This blog is a response to Bishop Coyner’s “Response to the

Western Jurisdiction” 


Although I have the utmost respect for the episcopal office,
I cannot have respect for ecclesial criticism based upon factual
inaccuracies.  What happened at the
Western Jurisdictional Conference this past summer
was a cry of both concern and celebration addressed to the general United Methodist Church.  There is concern in regards to the recent legislation and language retained at General Conference.  But the jurisdiction has found celebration in the fact that the Spirit of God remains active in and throughout a church that chose to uphold restrictive policies for all of God’s children.  Bishop Coyner’s response is appreciated and heard by me and I am sure by others as well, but it deserves some feedback.

1)  What the Western Jurisdiction did in passing “A Statement of Gospel Obedience,” was not an act of neocolonialism.  Surely, there is a hope that restrictive policies for all peoples will be eliminated in the global church, but this statement is for the Western Jurisdiction, so that we can be more fruitful in disciple-making in our mission field.  To assume that the Western Jurisdiction’s clergy and laity are flippant about issues of neocolonialism and intercultural sensitivity is simply untrue and uninformed. I serve a local church in the heart of Silicon Valley in California.  It is one of the most ethnically and linguistically diverse communities in the entire United States.  If we want to find neocolonialism in the UMC, we only need to examine how monies are disseminated.


2)  “A Statement of Gospel Obedience” is an act of ecclesial disobedience, which, in my opinion, has parallels with civil disobedience.  In disregarding Par. 161F, United Methodists in the Western Jurisdiction are proclaiming that we will support and celebrate the ministries and lives of LGBT clergy and laity if we choose to do so.  There may be some who do not want to experience the consequences of such action, but there are definitely others who are willing to be put on church trial, including the risk of losing clergy credentials. Having been on the floor at General conference during the Common Witness Coalition’s witness, I can assure you that there were plenty of people who were willing to be arrested and go to jail to obey the Gospel of Jesus Christ.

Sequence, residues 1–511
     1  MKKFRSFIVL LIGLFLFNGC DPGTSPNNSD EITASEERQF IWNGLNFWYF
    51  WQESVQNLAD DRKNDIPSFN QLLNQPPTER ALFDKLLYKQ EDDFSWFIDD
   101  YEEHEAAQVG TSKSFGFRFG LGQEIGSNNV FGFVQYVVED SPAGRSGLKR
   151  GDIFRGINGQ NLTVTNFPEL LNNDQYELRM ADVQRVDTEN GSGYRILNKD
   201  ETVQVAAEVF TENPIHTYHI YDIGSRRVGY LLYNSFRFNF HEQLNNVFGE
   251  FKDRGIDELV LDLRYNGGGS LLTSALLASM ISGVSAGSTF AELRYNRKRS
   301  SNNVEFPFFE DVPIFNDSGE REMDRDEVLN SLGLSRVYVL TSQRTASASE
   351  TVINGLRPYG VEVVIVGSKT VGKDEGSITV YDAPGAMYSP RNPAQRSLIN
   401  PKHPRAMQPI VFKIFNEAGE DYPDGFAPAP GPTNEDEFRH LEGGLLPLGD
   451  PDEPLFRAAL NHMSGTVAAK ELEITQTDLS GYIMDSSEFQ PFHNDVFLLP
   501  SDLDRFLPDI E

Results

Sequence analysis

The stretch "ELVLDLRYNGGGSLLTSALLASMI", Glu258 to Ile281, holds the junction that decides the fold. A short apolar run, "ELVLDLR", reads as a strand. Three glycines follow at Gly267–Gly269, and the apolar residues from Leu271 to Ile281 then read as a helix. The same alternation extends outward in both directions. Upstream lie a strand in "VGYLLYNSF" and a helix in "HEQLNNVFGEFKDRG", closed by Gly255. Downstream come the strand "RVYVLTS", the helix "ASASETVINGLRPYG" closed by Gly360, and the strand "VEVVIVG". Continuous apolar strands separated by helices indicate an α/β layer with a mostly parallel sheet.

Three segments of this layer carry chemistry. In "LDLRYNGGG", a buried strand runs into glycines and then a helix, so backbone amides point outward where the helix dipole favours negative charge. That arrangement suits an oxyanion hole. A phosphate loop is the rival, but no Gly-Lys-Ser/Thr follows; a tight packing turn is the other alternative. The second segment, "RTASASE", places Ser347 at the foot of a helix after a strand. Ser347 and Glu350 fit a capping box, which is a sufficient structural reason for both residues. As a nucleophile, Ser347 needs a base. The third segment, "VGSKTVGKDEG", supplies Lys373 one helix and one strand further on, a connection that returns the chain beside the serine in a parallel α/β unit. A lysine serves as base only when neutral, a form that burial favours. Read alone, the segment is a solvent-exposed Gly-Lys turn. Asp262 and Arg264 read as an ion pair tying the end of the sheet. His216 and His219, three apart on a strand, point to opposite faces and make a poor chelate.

3)  To claim that supporters of this
statement are not open to those with whom we disagree or do not prayerfully
discern such decisions is also untrue.
One only needs to look at the past 40 years.  It has been that long since par. 161F has entered our Discipline.  From that time, faithful United Methodists have taken part in many an instance of holy conferencing on every level of our polity and we continue to do so.  And let me just clear another misconception: people in the Western United States DO PRAY. We pray for our United Methodist Church, for the communities that we serve, for a hopeful tomorrow, and for so much more. 

Perhaps, such a statement is unconventional on a jurisdictional level, especially in our connectional polity, but it is a way to continue the conversation within the general UMC.  This is why I am glad Bishop Coyner was able to give a response and I am able to respond to it.

Anthony Fatta

Anthony Fatta is the Youth Director at Los Gatos United Methodist Church in Los Gatos, CA.Recently, he completed a Master of Divinity at Vanderbilt Divinity School.He was a Jurisdictional Organizer with the Called to Witness campaign for two years, working with the Memphis, Kentucky, and Western North Carolina Annual Conferences.

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